30th Council of Europe Exhibition The Desire for Freedom. Art in Europe Since 1945
18.10.2013 - 26.01.2014
The post-1945 works that will be presented at MOCAK show the social and political climate of contemporary Europe. Human rights, equality, democracy – such are the issues dealt with by the exhibition The Desire for Freedom, co-financed by the European Commission.
The exhibition The Desire for Freedom will present mainly video works made over the last five decades by 47 authors from 17 European countries. The exhibition is divided into 12 chapters that illustrate the multitude of artistic forms of expression and the topics covered: The Court of Reason, We Are the Revolution, A Journey to Wonderland, Darkness at Noon, The Reality of Politics, The Uncertainty of Freedom, 99 Cents, A Hundred Years, Inhabitable Worlds, A Different Space, Self-experience – Testing the Boundaries, The World in Our Minds.
The presented works combine into a social and political landscape of contemporary Europe and the problems it’s grappling with. The exhibitions pose questions such as: how do individuals want to live? In what way do they want to come to terms with history? How do they behave faced with authoritarian regimes? The show demonstrates the ways in which artists expose social taboos. It also takes on board government politics and governments’ duty to provide security for their societies.
The artists whose work will be on display will include Yves Klein, Marina Abramović, Zofia Kulik and Przemysław Kwiek. In spite of his short (1954–1962) career, Yves Klein was one of the most significant artists of the post-war avant-garde. At MOCAK, it will be possible to see a documentary showing his action from the series Anthropométries de l’Époque bleue, which took place on 9 March 1960 at the Galerie Internationale d’Art Contemporain in Paris. The full series comprises some 180 paintings, stamped with human bodies, painted blue. The artist had covered his naked models in blue paint, letting them imprint their silhouettes on paper. We will also be screening Thomas Lips (The Star), a documentary of the performative actions of Marina Abramović from 1975 until 1993. The Serbian artist deliberately pushed her body to the limit of its endurance to test her command of it and over her own psyche, which she also tortured. As for the Kwiekulik duo, the viewers will be able to see photographs from their protest series A Monument without a Passport in the Artistic Salons, conducted in the second half of the 1970s. In their work, Zofia Kulik and Przemysław Kwiek – who represent post-war avant-garde art – debunked the absurdities of political propaganda.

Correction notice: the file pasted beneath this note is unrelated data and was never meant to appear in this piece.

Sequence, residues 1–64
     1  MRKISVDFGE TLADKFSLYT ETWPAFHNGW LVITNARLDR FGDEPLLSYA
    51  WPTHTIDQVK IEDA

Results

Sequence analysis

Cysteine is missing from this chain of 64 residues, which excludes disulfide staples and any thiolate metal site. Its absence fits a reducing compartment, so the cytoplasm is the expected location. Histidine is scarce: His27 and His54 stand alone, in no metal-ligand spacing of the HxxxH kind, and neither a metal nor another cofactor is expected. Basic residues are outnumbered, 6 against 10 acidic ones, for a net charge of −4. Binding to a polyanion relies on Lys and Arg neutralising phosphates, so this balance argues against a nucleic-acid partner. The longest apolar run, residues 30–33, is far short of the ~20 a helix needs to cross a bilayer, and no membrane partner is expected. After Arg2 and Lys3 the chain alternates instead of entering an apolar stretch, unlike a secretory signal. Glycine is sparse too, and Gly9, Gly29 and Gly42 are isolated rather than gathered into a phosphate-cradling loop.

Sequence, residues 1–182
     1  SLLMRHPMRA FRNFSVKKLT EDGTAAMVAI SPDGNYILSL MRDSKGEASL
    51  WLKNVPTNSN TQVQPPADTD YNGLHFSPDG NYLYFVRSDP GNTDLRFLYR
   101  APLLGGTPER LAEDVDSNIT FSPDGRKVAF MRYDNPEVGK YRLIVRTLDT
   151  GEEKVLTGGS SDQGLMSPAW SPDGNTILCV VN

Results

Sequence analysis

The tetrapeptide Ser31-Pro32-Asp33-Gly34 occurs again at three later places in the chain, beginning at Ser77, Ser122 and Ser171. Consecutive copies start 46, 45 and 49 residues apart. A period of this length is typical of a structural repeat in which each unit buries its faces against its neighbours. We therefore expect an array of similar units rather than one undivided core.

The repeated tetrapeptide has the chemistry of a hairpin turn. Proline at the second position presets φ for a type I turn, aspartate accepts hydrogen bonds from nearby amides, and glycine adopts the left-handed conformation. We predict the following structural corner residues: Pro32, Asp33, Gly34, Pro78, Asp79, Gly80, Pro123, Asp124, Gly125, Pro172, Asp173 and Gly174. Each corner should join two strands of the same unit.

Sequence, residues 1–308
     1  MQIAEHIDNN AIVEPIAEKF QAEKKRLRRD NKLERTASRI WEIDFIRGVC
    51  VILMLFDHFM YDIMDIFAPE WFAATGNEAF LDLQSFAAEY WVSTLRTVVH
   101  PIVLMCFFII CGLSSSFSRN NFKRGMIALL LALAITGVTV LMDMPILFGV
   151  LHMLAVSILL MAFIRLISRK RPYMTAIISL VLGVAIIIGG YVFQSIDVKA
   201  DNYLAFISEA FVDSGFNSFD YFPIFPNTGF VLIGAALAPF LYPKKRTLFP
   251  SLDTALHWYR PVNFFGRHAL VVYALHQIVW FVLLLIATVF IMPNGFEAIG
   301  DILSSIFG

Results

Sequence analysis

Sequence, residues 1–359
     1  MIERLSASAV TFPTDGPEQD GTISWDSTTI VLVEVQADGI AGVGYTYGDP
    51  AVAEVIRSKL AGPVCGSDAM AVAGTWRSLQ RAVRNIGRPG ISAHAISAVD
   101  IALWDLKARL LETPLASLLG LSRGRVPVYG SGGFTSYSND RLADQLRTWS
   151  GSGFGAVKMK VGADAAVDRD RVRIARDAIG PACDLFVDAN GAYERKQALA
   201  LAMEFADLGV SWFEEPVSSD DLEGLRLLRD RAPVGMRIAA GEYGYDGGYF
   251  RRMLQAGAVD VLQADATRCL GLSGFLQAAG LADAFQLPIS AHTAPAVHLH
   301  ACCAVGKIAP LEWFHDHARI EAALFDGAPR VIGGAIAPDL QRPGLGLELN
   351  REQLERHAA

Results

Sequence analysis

The exhibition will be accompanied by a Polish and English language catalogue, with texts by: Zygmunt Bauman – a sociologist and philosopher, , Monika Flacke – historian and art historian, Thorbjørn Jagland – a Norwegian politician, and Maria Anna Potocka – a critic and art curator, the Director of MOCAK the Museum of Contemporary Art in Krakow.
The project was launched and is being co-ordinated by the Deutsches Historisches Museum in Berlin, which, in the autumn of 2012, presented the first edition of the exhibition. Subsequent exhibitions took place in Milan (Palazzo Reale) and Tallinn (Eesti Kunstimuuseum – Kumu Kunstimuuseum). In Krakow, a new version of the project will be shown. The project, co-financed by the European Commission has been organised under the auspices of the European Council to mark its 30th anniversary.